A broken heart – few of us ever escape that one – but why is it that some people bounce back and move on whilst others are left devastated, believing they will never find love again?

It’s no understatement to say a broken heart is akin to bereavement and as with grieving – there’s no definitive time frame for recovery or blueprint for how it will affect you. A broken-hearted friend once told me, ‘the first year was bad, the second year was worse and by the third year I thought I was going mad’. Author Howard Jacobson captures the pain of heartbreak in his novel The Finkler Question, ‘Just when you think you’ve overcome the grief you are left with the loneliness’. I’ve known people who have never recovered from their broken heart and years later still hold on to that sense of loss.

As well as the grief, a break-up can be a serious dent to the ‘ego’ – our sense of who we are. Caught up in a cycle of anger, self-blame and forensic questioning of what went wrong, it’s not unreasonable to ask, ‘why has this happened to me?’ At a deeper level you may be left with a nagging sense of not being good enough … of being incapable of love … of being unlovable.

So it’s perhaps no surprise that 40% of people who are going through heartbreak experience clinically recognisable depression.

Some of those people may consider counselling – after all, the basic intention of counselling is to alleviate psychological pain and suffering. But perhaps frustratingly for some, counselling doesn’t generally offer a ‘quick fix’ – and for good reason – the gains can be short-term too and rarely begin to address underlying issues, which then remain unexplored, ready to cause more heartbreak in the future.

As the author and psychotherapist Thomas Moore writes in his New York Times bestseller Care of the Soul:

‘The trouble with some of our modern therapies and psychologies is that they aim at goals that are known – fantasies or normality or unquestioned values … but there are times when we may need to be weak and powerless, vulnerable and open to experience. In relation to the symptom itself, observance means first of all listening and looking carefully at what is being revealed in the suffering. An intent to heal can get in the way of seeing.’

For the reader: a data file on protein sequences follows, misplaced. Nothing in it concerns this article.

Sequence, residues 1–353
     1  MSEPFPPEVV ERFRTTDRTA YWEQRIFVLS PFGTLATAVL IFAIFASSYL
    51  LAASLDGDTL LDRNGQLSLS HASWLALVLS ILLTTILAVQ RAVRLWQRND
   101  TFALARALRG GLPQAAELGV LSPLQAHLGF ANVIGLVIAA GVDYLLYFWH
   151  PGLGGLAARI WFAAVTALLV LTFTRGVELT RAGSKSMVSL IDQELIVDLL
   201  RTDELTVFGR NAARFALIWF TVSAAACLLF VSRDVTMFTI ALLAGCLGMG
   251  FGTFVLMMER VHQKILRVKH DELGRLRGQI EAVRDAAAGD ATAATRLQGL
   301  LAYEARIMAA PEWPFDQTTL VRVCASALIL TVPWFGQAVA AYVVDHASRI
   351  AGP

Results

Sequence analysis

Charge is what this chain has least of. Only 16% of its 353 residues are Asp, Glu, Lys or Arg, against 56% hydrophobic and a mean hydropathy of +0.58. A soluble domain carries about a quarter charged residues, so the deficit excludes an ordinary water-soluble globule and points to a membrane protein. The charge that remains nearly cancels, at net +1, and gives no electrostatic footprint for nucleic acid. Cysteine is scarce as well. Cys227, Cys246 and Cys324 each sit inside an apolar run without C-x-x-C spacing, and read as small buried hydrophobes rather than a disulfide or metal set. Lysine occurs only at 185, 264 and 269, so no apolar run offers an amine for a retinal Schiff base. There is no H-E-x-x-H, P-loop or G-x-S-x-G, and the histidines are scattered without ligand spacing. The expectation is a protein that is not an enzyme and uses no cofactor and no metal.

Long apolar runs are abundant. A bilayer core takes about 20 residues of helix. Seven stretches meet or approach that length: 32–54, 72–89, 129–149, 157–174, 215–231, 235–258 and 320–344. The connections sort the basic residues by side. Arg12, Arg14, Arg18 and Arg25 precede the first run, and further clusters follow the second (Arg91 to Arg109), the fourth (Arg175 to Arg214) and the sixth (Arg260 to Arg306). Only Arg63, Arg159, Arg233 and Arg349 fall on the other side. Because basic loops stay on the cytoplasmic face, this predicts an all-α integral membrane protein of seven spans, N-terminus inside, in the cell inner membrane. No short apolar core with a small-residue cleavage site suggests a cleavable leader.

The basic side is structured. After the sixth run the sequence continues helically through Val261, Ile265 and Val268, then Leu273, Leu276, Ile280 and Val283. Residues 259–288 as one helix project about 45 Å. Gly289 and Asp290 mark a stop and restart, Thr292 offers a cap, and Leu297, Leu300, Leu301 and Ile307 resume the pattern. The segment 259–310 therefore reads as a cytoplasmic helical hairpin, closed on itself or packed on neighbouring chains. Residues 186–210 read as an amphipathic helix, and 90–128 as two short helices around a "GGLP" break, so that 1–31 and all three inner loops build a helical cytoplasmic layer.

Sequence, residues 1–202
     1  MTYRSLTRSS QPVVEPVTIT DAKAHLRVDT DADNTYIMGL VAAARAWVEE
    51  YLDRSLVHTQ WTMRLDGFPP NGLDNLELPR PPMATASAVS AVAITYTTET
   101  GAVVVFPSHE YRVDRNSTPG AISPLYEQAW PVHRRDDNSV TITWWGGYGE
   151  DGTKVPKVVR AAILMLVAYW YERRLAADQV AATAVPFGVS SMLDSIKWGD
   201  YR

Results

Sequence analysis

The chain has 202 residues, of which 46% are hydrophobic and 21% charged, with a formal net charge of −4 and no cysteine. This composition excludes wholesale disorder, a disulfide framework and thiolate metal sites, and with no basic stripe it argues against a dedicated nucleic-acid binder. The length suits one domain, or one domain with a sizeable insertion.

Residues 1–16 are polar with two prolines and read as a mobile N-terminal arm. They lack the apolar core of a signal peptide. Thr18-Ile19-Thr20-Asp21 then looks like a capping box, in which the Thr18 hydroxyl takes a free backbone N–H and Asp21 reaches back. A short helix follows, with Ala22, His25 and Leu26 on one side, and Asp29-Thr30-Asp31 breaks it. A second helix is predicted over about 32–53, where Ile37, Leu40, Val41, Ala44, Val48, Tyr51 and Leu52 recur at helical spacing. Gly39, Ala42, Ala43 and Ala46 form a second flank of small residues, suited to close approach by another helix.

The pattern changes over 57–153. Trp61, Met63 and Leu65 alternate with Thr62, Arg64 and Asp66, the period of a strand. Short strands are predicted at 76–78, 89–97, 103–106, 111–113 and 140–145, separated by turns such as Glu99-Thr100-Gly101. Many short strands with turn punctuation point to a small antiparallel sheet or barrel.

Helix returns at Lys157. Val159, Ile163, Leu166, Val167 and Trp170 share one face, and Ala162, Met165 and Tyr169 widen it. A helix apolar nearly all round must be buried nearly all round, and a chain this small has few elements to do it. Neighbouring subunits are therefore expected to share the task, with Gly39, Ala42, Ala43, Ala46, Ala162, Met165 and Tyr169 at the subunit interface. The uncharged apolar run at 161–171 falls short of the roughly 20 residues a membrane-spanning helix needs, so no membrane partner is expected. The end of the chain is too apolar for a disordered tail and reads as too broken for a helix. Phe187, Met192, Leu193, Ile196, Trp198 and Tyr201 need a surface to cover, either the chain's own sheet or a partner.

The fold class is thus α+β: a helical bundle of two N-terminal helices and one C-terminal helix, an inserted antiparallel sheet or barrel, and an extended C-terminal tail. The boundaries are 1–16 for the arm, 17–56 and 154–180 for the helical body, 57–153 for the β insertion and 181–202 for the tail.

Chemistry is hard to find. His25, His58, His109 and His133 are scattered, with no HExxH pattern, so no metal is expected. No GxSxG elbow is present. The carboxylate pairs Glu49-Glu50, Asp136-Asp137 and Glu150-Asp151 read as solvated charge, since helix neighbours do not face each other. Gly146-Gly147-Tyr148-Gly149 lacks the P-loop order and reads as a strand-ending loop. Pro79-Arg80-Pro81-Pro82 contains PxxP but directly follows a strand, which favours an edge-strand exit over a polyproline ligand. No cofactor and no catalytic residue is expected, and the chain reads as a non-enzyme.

Without doubt, taking time to reflect on your experience of relationships – within a context of your relationship history and background – can help you to understand why you respond the way you do to heartbreak.

I truly believe that this long-form, non-linear way of exploring and healing heartbreak is the way to go, but I can’t help being drawn to the promise of a quick fix – let’s be honest it is appealing – especially when the pain is so visceral and your sense of resilience is on its knees!

So I was intrigued to come across psychotherapist Guy Winch’s Ted Talk on How To Heal A Broken Heart. His opening battle cry is, ‘getting out of heartbreak isn’t a journey … it’s a fight.’

Guy poses a question that is the paradox of the broken-hearted:

‘Why do so many of us flounder when we try and get through heartbreak? Why do the same coping mechanisms that get us through so many of life’s challenges fail us so miserably when our heart is broken?’

The answer is that many of our coping mechanisms are either well-armoured defences – which in day-to-day life are social survival techniques – or our vulnerability, which we generally only show when trust has been built.